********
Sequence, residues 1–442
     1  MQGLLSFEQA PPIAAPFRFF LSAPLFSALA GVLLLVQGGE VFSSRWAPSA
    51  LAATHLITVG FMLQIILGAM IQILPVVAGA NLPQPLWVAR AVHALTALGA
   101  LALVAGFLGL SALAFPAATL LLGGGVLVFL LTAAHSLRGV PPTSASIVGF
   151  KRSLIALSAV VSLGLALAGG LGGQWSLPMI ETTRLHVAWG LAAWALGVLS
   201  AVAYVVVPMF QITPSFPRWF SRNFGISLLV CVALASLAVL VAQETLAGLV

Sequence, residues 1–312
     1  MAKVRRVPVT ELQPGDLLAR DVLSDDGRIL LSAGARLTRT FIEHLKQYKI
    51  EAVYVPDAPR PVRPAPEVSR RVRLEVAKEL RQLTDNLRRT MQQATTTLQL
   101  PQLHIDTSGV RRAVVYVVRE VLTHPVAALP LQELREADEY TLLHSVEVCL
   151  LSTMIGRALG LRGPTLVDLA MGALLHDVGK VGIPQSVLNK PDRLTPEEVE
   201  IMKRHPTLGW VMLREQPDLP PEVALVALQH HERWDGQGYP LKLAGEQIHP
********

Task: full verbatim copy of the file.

Sequence, residues 1–442
     1  MQGLLSFEQA PPIAAPFRFF LSAPLFSALA GVLLLVQGGE VFSSRWAPSA
    51  LAATHLITVG FMLQIILGAM IQILPVVAGA NLPQPLWVAR AVHALTALGA
   101  LALVAGFLGL SALAFPAATL LLGGGVLVFL LTAAHSLRGV PPTSASIVGF
   151  KRSLIALSAV VSLGLALAGG LGGQWSLPMI ETTRLHVAWG LAAWALGVLS
   201  AVAYVVVPMF QITPSFPRWF SRNFGISLLV CVALASLAVL VAQETLAGLV

Sequence, residues 1–312
     1  MAKVRRVPVT ELQPGDLLAR DVLSDDGRIL LSAGARLTRT FIEHLKQYKI
    51  EAVYVPDAPR PVRPAPEVSR RVRLEVAKEL RQLTDNLRRT MQQATTTLQL
   101  PQLHIDTSGV RRAVVYVVRE VLTHPVAALP LQELREADEY TLLHSVEVCL
   151  LSTMIGRALG LRGPTLVDLA MGALLHDVGK VGIPQSVLNK PDRLTPEEVE
   201  IMKRHPTLGW VMLREQPDLP PEVALVALQH HERWDGQGYP LKLAGEQIHP